Forgotten fire

Amidst the frenzy surrounding election, the fire at LDA Plaza two days before May 11 has been virtually forgotten.


Editorial May 18, 2013
The fire at LDA Plaza in Lahore. PHOTO: REUTERS

Amidst the frenzy and hype surrounding the May 11 election, the fire which broke out at the LDA Plaza, in Lahore, two days before this date and was not fully controlled even 24 hours later, has been virtually forgotten. The many human tragedies that occurred as a result of this blaze have barely been spoken of by a media obsessed by balloting results and figures and even today the precise number of persons killed in the fire is unclear: the figure generally reported stands at about 23; families of victims say it was higher, with up to 40 possibly dead. The cause of the fire is also not clear. The suggestions are that it was caused by short-circuiting in the building’s basement, but it is unclear if this has been investigated, as LDA officials said would happen.

The families of the dead have been handed over one million rupees as compensation. But this, of course, does nothing to ease their agony. Nor does it in any way contribute towards preventing future fires of the kind we saw at the LDA Plaza and before this in many other places in various cities. All these blazes make it quite obvious that we need better safeguards to prevent fires and better infrastructure to put them out. As before, in this case too, rescuers struggled for over a day to bring the inferno under control. People also need to be made aware about how they can best save themselves in case of fire, with drills carried out at workplaces and schools.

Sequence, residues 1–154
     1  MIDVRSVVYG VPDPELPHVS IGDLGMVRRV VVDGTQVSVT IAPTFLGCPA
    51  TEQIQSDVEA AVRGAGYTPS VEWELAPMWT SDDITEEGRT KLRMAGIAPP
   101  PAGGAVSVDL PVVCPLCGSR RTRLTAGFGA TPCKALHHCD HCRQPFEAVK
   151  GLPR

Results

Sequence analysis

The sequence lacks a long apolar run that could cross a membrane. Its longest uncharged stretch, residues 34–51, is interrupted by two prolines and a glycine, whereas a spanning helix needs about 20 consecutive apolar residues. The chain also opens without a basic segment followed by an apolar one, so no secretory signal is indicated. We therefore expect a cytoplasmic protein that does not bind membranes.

It is also not reassuring that this fire occurred at the building of the Authority meant to regulate building laws across Lahore. It is unclear if its own house was in order in terms of the existence of emergency exits and fire extinguishing equipment. This, too, is something to be examined, so that similar disasters can be prevented and greater value placed on human life by ensuring everything possible is done to avert deaths when calamities of this nature do occur. This can best be done by enforcing the rules that exist for this purpose but are rarely ever followed.

Published in The Express Tribune, May 19th, 2013.

COMMENTS (1)

Umer | 8 years ago | Reply Credit to Najam Sethi the caretaker CM.
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